Realme GT Master Edition Review

  • Memorable
  • Has a 3.5mm headphone jack
  • Decent mid-range specs
  • Accessible starting price
  • Unremarkable battery life
  • No telephoto camera
  • Stiff competition on mid-tier market

The Realme brand was created to specifically target a younger demographic, customers that don't always have the resources to buy the latest and greatest smartphones. More often than not, these users are willing to compromise on some things as long as they get the features that are important to them. In that context, the Realme GT Master Edition seems like the perfect compromise for such a crowd, especially with a quirky design that is meant to appeal to travel-forlorn youngsters. We take a deep dive to see how many compromises Realme had to make and if the essentials that the Realme GT Master Edition offers are enough to make up for them.


If you've seen our review of the Realme GT Explorer Master Edition, then you'll probably be familiar with the emotion that this mid-range version is aiming for. According to designer Naoto Fukasawa, who also designed the previous two Realme Master Editions, the phones' "Travel Suitcase" look and feel tries to evoke memories and hopes of traveling, something that young people may have sorely missed in the past months. If anything, the unusual design that mimics the appearance and structure of suitcases makes for a rather strong identity that users will appreciate.

It goes beyond just looks, though. The back of the Realme GT Master Edition uses what the company bills as the industry's first "concave" vegan leather. The material alone already provides added texture and grip to the phone without marring the back with oily fingerprints and smudges. Those who often find their glossy phones slipping from their hands might appreciate the difference.

Realme is particularly proud of that "concave" part as well, giving a sort of 3D characteristic to the usual vegan leather. The company loves to talk about the manufacturing process that led to this design, and we're bound to see more of it in future Master Edition phones.


The opposite side of that suitcase-inspired rear is less exciting but even more critical. Fortunately, Realme didn't skimp on the display here, which almost matches the higher-end Realme GT 5G. Given the screen, not the back, is what most users will see, it's more important to get that right.

The Realme GT Master Edition carries a 6.43-inch Super AMOLED screen with a 120Hz refresh rate. Although smaller than its Explorer sibling, it does mean that the phone has a higher pixel density as well. It has a peak brightness of 1000 nits, which, taken altogether, gives this Master Edition a bright and vibrant display with sharp and accurate colors.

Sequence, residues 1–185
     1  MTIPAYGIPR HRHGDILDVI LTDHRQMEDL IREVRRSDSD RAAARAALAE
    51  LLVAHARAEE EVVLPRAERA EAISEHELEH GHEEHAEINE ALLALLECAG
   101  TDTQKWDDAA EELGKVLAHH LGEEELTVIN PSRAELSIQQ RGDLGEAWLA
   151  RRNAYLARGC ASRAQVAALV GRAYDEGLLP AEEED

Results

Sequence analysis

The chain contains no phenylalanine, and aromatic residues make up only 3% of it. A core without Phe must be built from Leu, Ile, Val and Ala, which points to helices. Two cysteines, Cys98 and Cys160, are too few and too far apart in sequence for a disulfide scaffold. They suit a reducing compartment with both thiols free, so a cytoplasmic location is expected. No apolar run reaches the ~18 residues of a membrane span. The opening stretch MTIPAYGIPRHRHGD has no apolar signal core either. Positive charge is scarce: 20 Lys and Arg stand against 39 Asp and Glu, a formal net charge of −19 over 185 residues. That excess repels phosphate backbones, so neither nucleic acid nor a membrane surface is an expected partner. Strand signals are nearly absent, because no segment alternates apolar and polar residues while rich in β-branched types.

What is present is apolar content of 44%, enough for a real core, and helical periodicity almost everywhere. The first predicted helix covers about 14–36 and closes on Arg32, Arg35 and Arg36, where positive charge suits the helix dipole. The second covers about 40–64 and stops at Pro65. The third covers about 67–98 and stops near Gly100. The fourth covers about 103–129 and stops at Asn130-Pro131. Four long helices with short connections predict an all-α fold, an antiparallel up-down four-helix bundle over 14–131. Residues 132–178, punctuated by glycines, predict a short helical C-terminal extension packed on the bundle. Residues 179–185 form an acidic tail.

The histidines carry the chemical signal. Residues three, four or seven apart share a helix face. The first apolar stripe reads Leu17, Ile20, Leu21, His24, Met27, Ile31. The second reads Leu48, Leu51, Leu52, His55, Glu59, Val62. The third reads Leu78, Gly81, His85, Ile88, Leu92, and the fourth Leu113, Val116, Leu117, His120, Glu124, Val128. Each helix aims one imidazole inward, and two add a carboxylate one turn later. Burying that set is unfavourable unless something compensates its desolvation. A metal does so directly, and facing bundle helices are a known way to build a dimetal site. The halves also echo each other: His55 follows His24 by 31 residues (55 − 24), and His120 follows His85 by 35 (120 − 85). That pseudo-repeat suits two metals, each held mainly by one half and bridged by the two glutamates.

The screen has a conventional punch-hole cutout that hides a 32MP selfie camera. It foregoes the new under-screen camera fad with some more practical but still not as obtrusive. Unlike the Explorer, the Realme GT Master Edition's screen is flat on all edges, a telltale sign these days of a less-than-premium phone.


The hardware inside is where Realme cuts corners the most, though it might not always be evident in normal day-to-day use. The new Snapdragon 778G 5G, the first in the series to use a 6nm process, isn't an underdog, and the 8GB of RAM is sufficient for most tasks. The latter can even be expanded by allocating some of the internal storage, but users should be aware that there is no storage expansion for the phone.

It is unsurprising that the Realme GT Master Edition doesn't even come close to last year's top flagships in terms of benchmark scores. In real-world use, however, only the heaviest of multitaskers and gamers will feel the phone groaning under stress. On the software side, Realme UI 2.0 with Android 11 looks deceptively vanilla but comes with a ton of preloaded apps that you can fortunately uninstall.

Continuing with that diminishing theme, the GT Master Edition also has the smallest battery of the Realme GT siblings at 4,300 mAh. The company makes up for it with support for 65W fast charging, but that still means you'll try to reach for that cable by the end of the day. As a bonus, however, the phone does have a 3.5mm headphone jack that you'd be hard-pressed to find in more expensive phones these days.


To some extent, the Realme GT Master Edition takes after the Realme GT 5G's camera array, at least in terms of sensors. There are differences, of course, but they are subtle and may not even be discernible to most users. The 64MP main sensor leads the pack with a smaller 1/2-inch size, joined by an 8MP ultra-wide-angle camera with a smaller f/2.2 aperture lens.

In practice, those don't exactly show up in photos, which look great even on overcast days. Colors are not washed out or oversaturated and are closer to real-world hues than what some phones produce. Bokeh simulation, a.k.a. portrait mode, is also decent, though with noticeable estimation errors on some edges.

More than those subtle differences in specs, the absence of a telephoto lens is actually more telling. There is a great deal of noise even at lower zoom levels, which already rely on digital zoom. In its place, Realme put a 2MP macro camera which few people have significant use for today, at least on its own.


With a starting price of around $350, the Realme GT Master Edition tries to strike a delicate balance between cost and value. It does so sufficiently with the added plus of a memorable design.

The problem, however, is that it is fighting in a rather congested mid-range smartphone market, and there are options available, depending on the market, that could give consumers pause for thought when considering where to invest their hard-earned money.